Manjhi - The Mountain Man

Manjhi - The Mountain Man

3.4 1,476 Ratings

Directed by : Ketan Mehta

Release Date :

  • Critics Rating 2.9/5
  • MJ Rating 3.2/5
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plot

Manjhi is based on a true life story of "Dashrath Manjhi" who broke a Mountain - for Love. Dashrath Manjhi was a poorest from the lowest of the low castes, living in a remote village cut off from the world by a rocky mountain range. Life for him was a daily struggle for survival. He loved his wife, Phaguniya, beyond belief. O...more

Verdict

“ Manjhi - The Mountain Man makes for a rock-solid watch!”

Manjhi - The Mountain Man Credit & Casting

Nawazuddin Siddiqui

Manjhi - The Mountain Man Audience Review

Hard As a Cobble-Stone

| by Yatharth Chauhan |
Rated 3.5 / 5
| See all my reviews

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There are always some tricky rudiments to get passed through when a filmmaker attempts to film a story that is inspired by a true event. There’s an audience out there that doesn’t want a biopic to be as dramatic as a Bhaag Milkha Bhaag and then there’s one section that finds difficulty in connecting to a Paan Singh Tomar. Manjhi – The Mountain Man falls exactly in between. In the runtime of 120 odd minutes, you sympathize for this metal like character, laugh with him and eventually come out applauding him.


Taking nothing away from filmmaker Ketan Mehta, I have to admit the fact that Manjhi – The Mountain Man looked a film being carried over by one and just one man, Nawazuddin Siddique. The actor makes all other factors in the film appear dull in contrast to his acting that could only be measured as his finest till date. Of course that’s a hard choice to make but when you have him on screen plainly in each and every frame, you can’t help but admit the film is being run entirely by his magic.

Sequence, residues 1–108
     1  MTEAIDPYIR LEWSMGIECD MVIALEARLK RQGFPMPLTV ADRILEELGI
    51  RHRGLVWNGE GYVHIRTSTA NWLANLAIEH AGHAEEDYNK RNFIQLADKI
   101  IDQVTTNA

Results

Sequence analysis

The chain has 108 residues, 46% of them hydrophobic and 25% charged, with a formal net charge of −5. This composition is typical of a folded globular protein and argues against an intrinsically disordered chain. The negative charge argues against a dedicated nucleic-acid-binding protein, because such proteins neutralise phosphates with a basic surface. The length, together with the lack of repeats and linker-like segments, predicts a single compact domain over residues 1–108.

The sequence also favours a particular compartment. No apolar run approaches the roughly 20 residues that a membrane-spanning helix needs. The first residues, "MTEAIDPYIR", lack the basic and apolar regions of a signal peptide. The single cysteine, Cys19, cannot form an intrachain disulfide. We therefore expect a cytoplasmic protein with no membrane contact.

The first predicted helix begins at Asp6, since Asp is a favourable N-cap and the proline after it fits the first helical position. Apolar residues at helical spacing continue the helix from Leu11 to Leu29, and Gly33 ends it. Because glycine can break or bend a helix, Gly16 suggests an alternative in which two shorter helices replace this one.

Based in a small village of Gehlour in Bihar’s Gaya, Manjhi – The Mountain Man is the true story of Dashrath Manjhi, a man who single handedly broke a mountain in 22 years making it easier for his people to have access to all amenities. Dashrath, who runs away from his village in his teens to work in a coal mine returns home to find that the government has abolished untouchability. Of course that doesn’t stop the politicians and upper castes to molest these people deprived of a social life. Dashrath, who unknowingly falls in love with his own childhood bride Phagunia (Radhika Apte) elopes with her when her parents don’t agree to marry her to him. For a man who only finds solace in the lap her wife has nothing else to live for but her. One morning while he is working in the fields, he gets to know of his wife’s tragic accident. Unable to get her access to any medical facility on time, he loses her. That is when Dashrath decides to cut off the mountain and make a way within. Ridiculed by people for years, the love for his wife and conviction for his aim doesn’t stop him to continue working on the impossible task. Untouched with the national politics and other social issues, Dashrath goes on cracking the rocks unstopped. What does he accomplish in the end is what Manjhi – The Mountain Man unfolds.